Tiffany looked up at the man now standing eye-level to them, two steps down from the porch. He was lean and had brown eyes beneath tousled hair of the same color. He wasn’t dressed like a wedding guest, but rather in unseasonably early shorts, a plain t-shirt, and hiking boots. He looked like a trekker, certainly had the strong legs of one, but she glanced around and saw no sign of a pack.

“I don’t want to crash the party, but I think I’m in the right place. This is the Lamont B&B?” He appeared a little lost and a lot overwhelmed, two feelings that Tiffany knew well.

Grabbing any distraction she could, Tiffany rose to face him as he climbed the last two steps. He was only a few inches taller than she was. “It is. It’s also the Lamonts’ weddings, both of them.”

“Oh, that explains the crowd. Maybe I’ll, uh, just come back in a few days.” He looked around as if trying to find somewhere to go.

“Did you have a reservation?” Tiffany almost grabbed his arm as he started to turn away. Jessica hadn’t moved from the porch seat close behind her and Tiffany was still trying to distract her from the accidental revelation.

“No. Not really. And not yet. I’m a couple days early. Once I got in my truck…” he waved vaguely back toward the long drive clogged with guests’ cars, “I just drove.”

“I think the B&B’s full with wedding guests, but let’s go check.” Tiffany took his hand and led him inside. At the last second she risked a glance at Jessica, and saw that she hadn’t gotten away with anything. But more than that, Jessica was looking at Tiffany as if she was suddenly an alien or something. She grabbed the man’s hand more tightly and plunged into the crowd.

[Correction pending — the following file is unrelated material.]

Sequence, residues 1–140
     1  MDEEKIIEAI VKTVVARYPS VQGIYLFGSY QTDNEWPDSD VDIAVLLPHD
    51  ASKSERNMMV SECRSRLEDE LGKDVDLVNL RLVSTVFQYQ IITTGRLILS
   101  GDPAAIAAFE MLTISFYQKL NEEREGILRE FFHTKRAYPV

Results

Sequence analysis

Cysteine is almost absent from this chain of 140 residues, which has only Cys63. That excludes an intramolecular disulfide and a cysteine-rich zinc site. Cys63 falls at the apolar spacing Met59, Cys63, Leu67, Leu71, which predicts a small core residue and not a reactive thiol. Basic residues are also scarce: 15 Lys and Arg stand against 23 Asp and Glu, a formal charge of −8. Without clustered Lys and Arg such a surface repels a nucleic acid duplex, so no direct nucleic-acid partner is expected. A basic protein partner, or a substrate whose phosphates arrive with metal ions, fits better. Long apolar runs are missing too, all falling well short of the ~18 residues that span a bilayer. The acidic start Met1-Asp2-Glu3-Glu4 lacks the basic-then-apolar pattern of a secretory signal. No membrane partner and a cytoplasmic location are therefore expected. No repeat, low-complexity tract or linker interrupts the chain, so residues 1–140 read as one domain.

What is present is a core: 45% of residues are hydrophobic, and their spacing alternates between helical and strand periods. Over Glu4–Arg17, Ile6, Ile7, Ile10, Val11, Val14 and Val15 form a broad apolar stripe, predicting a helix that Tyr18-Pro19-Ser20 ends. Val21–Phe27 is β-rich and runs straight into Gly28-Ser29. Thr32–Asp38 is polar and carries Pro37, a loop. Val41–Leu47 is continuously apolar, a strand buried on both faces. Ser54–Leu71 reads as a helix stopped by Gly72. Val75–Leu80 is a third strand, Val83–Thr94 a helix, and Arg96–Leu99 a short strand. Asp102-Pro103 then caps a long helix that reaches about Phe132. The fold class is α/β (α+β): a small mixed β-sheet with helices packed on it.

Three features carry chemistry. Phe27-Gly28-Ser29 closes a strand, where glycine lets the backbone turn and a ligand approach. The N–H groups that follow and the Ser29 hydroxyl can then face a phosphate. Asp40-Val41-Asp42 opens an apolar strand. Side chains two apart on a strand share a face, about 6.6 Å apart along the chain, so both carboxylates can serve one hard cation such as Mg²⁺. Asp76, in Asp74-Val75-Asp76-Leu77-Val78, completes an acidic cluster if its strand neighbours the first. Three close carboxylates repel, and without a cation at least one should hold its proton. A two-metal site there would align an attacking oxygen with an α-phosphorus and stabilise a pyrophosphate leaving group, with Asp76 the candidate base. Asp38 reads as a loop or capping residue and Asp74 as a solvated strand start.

# # #

Devin Robison had rarely felt so out of place in his life. He’d slept in the back of his pickup last night in the Boise National Forest. Up with the sun, he’d landed in Eagle Cove nine hours later in the middle of a wedding. It was terribly disorienting, and not just the road-weariness-meets-wedding scenario.

He’d thought that growing up in Chicago had prepared him for great expanses of water. Lake Michigan was Chicago’s front yard—three hundred miles long and a hundred wide. He’d even boated on the Caribbean a few times. But as he’d crossed the country, the towering peaks of the Rockies had been as disorienting as if he’d traveled to the moon. The real shock had been when he’d broken out of the Coast Range forest before the final descent into town and seen the entire Pacific Ocean before him; he’d nearly crashed his Toyota in surprise. Unless you happened to stumble on an island, Tokyo was five thousand miles away. The expanse was impossible to comprehend.

Neither Chicago nor the towns he’d driven through in the last four days had prepared him for the tiny size of Eagle Cove. One mile from forest to ocean and two miles along the beach…and it wasn’t densely populated. The next town of any size was thirty miles up the coast. He’d been on the verge of turning around from an attack of agoraphobia, the fear of open spaces—or maybe just plain nerves. It was news to him that such obscure places even existed. Eagle Cove was so remote, so wild. He hadn’t seen a single fast food place in the town. Maybe they weren’t allowed; every business, actually every road except the main drag of Beach Way, had been named for a bird: Blackbird Bakery, Warbler Market, Rusty Pelican Tavern. Strange place.

Devin had come west looking for a fresh start, or at least a break. He needed the latter desperately, but he’d left “middle America” somewhere staggeringly far behind.

Finding the massive Victorian home had been easy. “Find LBB Lane at the far end of downtown,” which was their grandiose term for a business district four blocks long. “Go to the end of the road Little Brown Bird Lane. You’ll know when you find the right place.”